Potential Increases in Hurricane Damage in the United States: Implications for the Federal Budget

CBO, Potential Increases in Hurricane Damage in the United States: Implications for the Federal Budget. (2016)

Damage from hurricanes is expected to increase significantly in the coming decades because of the effects of climate change and coastal development. In turn, potential requests for federal relief and recovery efforts will increase as well. CBO has estimated the magnitude of the increases in hurricane damage and the associated amounts of federal aid if historical patterns hold. In addition, CBO examined three approaches to reducing the amount of such federal assistance: limiting greenhouse gas emissions; shifting more costs to state and local governments and private entities, thereby reducing coastal development; and investing in structural changes to reduce vulnerability to hurricanes. The accompanying working paper provides a detailed discussion of the data and methodology CBO used to estimate hurricane damage.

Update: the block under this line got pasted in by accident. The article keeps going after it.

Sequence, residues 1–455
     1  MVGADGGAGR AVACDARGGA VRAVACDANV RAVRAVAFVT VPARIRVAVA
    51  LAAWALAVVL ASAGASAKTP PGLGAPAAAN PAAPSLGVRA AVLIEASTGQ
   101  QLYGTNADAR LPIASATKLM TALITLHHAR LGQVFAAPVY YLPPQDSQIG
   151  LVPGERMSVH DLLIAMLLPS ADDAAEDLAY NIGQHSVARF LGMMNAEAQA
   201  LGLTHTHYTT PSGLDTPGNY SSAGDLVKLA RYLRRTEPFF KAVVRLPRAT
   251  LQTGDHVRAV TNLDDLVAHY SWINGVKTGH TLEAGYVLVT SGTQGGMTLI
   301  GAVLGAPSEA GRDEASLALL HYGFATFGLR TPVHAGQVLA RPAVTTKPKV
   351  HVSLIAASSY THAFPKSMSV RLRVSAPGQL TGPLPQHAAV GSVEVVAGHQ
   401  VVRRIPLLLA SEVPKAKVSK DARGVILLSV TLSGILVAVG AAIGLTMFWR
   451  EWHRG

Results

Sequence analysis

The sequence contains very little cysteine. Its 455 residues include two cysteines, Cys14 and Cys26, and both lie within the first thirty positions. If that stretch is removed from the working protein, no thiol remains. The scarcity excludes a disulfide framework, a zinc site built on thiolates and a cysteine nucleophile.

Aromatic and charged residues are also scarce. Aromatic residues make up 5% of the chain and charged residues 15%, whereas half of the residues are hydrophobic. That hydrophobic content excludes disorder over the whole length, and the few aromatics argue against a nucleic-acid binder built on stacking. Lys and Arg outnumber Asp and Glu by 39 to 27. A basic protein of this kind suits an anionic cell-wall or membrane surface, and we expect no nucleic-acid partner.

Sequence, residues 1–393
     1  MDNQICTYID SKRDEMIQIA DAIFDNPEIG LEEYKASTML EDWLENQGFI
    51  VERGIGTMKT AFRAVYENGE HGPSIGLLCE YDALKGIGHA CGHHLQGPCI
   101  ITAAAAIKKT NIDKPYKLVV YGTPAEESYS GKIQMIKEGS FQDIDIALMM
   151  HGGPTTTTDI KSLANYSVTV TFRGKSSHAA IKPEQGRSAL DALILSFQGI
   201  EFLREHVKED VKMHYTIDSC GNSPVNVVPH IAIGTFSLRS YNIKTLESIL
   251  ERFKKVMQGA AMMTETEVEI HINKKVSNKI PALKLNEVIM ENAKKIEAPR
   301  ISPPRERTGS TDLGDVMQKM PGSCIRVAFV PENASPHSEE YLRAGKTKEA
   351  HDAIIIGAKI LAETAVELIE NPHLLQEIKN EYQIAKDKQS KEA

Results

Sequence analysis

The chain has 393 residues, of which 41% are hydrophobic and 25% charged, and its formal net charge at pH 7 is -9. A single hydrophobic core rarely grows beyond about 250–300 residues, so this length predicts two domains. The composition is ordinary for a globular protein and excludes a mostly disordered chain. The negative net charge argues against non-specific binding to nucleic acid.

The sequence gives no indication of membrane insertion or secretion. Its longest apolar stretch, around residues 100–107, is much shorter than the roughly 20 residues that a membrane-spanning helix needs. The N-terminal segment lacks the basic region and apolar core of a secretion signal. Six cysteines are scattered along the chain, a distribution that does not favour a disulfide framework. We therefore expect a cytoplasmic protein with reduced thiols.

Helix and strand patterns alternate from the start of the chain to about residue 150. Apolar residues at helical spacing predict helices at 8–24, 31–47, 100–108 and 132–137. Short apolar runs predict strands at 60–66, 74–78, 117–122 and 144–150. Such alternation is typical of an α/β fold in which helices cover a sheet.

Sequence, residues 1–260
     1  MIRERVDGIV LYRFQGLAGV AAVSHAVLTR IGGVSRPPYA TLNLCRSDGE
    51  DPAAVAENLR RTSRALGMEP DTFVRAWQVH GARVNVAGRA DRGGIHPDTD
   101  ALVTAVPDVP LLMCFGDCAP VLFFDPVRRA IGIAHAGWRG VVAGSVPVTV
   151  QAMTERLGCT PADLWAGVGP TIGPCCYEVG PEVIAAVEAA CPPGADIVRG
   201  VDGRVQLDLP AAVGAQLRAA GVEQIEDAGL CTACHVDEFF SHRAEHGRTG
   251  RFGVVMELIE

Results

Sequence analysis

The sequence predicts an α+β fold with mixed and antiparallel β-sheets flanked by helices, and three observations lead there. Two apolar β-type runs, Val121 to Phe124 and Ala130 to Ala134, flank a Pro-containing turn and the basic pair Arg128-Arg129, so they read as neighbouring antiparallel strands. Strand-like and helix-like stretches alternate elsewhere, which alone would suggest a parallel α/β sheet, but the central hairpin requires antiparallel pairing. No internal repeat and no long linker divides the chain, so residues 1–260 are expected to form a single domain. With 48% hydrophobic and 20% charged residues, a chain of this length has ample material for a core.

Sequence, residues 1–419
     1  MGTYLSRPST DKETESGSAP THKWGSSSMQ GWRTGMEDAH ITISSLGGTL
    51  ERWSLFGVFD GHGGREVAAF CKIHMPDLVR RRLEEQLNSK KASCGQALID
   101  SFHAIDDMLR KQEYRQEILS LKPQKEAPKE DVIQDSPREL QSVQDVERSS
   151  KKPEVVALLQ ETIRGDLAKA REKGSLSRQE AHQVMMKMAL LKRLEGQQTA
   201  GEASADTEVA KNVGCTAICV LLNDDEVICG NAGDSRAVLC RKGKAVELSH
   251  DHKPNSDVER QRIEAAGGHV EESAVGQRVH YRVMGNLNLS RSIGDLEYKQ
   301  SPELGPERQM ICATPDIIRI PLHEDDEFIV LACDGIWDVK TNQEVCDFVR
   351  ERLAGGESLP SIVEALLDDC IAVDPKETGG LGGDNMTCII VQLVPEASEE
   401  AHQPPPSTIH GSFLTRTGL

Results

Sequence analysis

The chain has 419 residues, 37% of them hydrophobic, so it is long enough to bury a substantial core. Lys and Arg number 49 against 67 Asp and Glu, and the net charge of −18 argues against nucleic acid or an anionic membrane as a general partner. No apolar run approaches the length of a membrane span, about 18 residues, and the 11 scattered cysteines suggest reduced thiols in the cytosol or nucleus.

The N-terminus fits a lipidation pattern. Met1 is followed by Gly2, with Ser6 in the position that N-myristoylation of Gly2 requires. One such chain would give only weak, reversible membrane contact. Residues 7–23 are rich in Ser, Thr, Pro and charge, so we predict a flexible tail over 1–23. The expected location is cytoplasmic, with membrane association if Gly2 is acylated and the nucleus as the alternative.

What Are CBO’s Estimates of Hurricane Damage and of Related Federal Spending?

CBO concludes that, over time, the costs associated with hurricane damage will increase more rapidly than the economy will grow. Consequently, hurricane damage will rise as a share of gross domestic product (GDP), which provides a measure of the nation’s ability to pay for that damage. According to the agency’s estimates, expected annual damage currently amounts to 0.16 percent of GDP (or about $28 billion); by 2075, however, that figure reaches 0.22 percent (equivalent to about $39 billion in today’s economy; see figure below). Roughly 45 percent of that increase is attributable to climate change and 55 percent to coastal development.

Estimates of Hurricane Damage, Federal Spending, and the Substantially Affected Population

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